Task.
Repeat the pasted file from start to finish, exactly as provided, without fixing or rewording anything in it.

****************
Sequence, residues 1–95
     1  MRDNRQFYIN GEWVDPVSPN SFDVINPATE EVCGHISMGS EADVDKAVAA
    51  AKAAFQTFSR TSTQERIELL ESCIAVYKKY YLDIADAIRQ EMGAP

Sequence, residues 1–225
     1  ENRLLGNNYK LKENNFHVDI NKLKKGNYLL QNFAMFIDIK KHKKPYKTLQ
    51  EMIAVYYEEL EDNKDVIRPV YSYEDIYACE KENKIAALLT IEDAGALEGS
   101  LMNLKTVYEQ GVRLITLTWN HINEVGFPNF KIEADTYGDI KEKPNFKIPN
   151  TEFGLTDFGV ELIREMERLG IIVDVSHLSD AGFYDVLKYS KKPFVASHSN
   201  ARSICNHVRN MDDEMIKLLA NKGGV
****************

Sequence, residues 1–95
     1  MRDNRQFYIN GEWVDPVSPN SFDVINPATE EVCGHISMGS EADVDKAVAA
    51  AKAAFQTFSR TSTQERIELL ESCIAVYKKY YLDIADAIRQ EMGAP

Sequence, residues 1–225
     1  ENRLLGNNYK LKENNFHVDI NKLKKGNYLL QNFAMFIDIK KHKKPYKTLQ
    51  EMIAVYYEEL EDNKDVIRPV YSYEDIYACE KENKIAALLT IEDAGALEGS
   101  LMNLKTVYEQ GVRLITLTWN HINEVGFPNF KIEADTYGDI KEKPNFKIPN
   151  TEFGLTDFGV ELIREMERLG IIVDVSHLSD AGFYDVLKYS KKPFVASHSN
   201  ARSICNHVRN MDDEMIKLLA NKGGV